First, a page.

• Weird World Record Co:



Enter a post-apocalyptic world where shred is the only currency. Gangs of 15-27 year-olds in tattered black tees prowl the ruins seeking entertainment, and only displays of two-hand tapping or intricate 32nd-note riffery can appease them. Colin Marston, Neo New York’s chancellor of shred (which puts him on the shortlist for the chancellorship worldwide), stands atop a fortress cobbled together from fretboard wood and scrap metal in the center of Queens, gazing upon all that is his. His acolytes mosh reverently beneath him, awaiting the next event on the nightly performance schedule. 9PM: Dysrhythmia. 10PM: Gorguts. 11PM: Mick Barr solo set. Midnight: the Krallice ritual. At 2AM, Weasel Walter emerges from the fortress and the marauders Behold… The Arctopus. The mob eventually disperses, but Marston can’t stop. His tremolo picking alone maintains this society. What was once the Warr Guitar has become the War Guitar. He who was once the Mastering Engineer has become the Master.

As if Colin Marston’s four bands and production duties at his Menegroth The Thousand Caves studio can’t keep him busy enough, he casually dropped the second album by his solo project Indricothere just recently. II finds Marston cramming his blackened prog-/death-/omni-metal compositions with interlocking riffs and programmed drums fast enough to follow his light-speed leads. Stream it on Bandcamp, and keep an eye out for the vinyl edition on Gilead Media sometime soon.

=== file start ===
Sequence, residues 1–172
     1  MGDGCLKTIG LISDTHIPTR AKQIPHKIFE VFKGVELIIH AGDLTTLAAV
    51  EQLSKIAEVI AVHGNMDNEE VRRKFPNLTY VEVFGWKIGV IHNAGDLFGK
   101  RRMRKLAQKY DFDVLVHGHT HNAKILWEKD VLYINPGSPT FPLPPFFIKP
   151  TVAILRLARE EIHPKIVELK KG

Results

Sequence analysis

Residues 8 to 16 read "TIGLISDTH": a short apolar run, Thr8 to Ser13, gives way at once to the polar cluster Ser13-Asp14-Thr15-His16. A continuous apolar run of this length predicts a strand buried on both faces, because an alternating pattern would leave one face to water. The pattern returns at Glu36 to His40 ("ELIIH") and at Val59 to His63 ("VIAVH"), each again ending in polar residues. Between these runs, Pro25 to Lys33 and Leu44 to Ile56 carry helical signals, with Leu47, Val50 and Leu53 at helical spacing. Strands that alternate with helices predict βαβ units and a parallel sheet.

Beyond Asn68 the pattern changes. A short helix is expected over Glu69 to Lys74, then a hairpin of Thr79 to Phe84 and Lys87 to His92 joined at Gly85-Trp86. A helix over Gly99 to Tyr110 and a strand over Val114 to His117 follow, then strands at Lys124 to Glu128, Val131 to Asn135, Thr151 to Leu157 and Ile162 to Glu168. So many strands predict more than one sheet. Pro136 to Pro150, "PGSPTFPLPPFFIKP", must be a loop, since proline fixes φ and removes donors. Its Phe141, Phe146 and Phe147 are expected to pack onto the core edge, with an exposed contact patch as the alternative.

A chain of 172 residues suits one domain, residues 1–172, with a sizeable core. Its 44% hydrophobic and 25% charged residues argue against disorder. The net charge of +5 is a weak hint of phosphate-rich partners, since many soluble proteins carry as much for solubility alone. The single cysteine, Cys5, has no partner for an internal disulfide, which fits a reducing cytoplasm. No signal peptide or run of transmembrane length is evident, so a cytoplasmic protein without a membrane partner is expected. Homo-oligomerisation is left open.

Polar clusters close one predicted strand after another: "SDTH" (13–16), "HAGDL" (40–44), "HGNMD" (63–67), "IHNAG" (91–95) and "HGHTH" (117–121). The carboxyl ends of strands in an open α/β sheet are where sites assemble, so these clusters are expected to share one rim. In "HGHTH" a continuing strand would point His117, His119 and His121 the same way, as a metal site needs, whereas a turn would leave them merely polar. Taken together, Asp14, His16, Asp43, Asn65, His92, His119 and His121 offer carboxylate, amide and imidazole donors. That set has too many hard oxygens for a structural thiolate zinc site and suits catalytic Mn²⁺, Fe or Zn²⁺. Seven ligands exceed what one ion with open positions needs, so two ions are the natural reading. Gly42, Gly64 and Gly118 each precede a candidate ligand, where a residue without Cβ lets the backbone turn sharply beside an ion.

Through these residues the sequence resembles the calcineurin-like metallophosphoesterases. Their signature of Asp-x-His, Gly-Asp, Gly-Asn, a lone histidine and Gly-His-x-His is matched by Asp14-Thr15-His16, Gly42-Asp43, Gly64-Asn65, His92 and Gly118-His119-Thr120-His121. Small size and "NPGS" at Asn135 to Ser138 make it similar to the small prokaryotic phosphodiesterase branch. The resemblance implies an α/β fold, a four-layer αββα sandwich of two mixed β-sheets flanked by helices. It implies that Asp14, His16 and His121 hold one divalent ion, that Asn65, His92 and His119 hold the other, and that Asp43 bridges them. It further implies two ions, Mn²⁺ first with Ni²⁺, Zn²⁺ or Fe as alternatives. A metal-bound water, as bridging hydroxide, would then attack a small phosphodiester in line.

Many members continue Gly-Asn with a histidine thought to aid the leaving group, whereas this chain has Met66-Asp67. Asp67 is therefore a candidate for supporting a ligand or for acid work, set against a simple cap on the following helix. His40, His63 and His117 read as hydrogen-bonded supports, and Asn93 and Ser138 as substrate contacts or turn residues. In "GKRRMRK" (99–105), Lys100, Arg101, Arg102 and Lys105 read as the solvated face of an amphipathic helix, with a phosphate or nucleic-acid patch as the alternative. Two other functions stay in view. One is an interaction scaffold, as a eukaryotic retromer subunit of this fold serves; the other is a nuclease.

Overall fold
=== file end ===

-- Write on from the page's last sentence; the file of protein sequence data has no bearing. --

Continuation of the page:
• Gilead Media:


Sunday School 2

So, that TREE mixtape I’ve been hyping up finally dropped today. How is it? I tried to get Mr P to let me declare an official one-week moratorium on rap music. As in, no more hip-hop in the Chocolate Grinder section until May 22. He won’t let me do it, OFFICIALLY. That being said, I don’t care if Detox drops tomorrow — I won’t be listening to anything but Sunday School II for at least a week. A formal review will follow this informal moratorium.

• Closed Sessions:
• Creative Control:

Baby Birds Don't Drink Milk


The first single from the upcoming Baby Birds Don’t Drink Milk full-length is called “Saturday,” but I’ve been enjoying it as a kind of after-work-on-Tuesday anthem. After the high-toned swells of their incredible 2008 album, Eek Shriek Beak, the band slowly slid into the lower end of towering noise with a handful of cassette releases and their second full-length effort, Skeletor & Me, released on Brooklyn’s Fire Talk in 2010. With “Saturday” from their upcoming second effort on Fire Talk, BBDDM has settled on a kind of middle ground between the substantially different sounds of those first two albums. The guitar and drum structure of their earlier material lie the groundwork from which the towering wall of effected noise from recent material can swell, and yet the space between the two different BBDDM eras is seamless. Only BBDDM can make such grandiose noise sound so calm and beautiful. It’s the sound of years and years of experience and experimentation in house-show basements throughout America reaching an answer.

Listen to “Saturday” below and look for the upcoming full-length, Think Tone, on Fire Talk on July 9 — although, you may want to get on top of the pre-order now, because only 300 copies are being released between vinyl and cassette.

• Fire Talk:
• Baby Birds Don’t Drink Milk:


CHOCOLATE GRINDER is our audio/visual section, with an emphasis on the lesser heard and lesser known. We aim to dig deep, but we'll post any song or video we find interesting, big or small.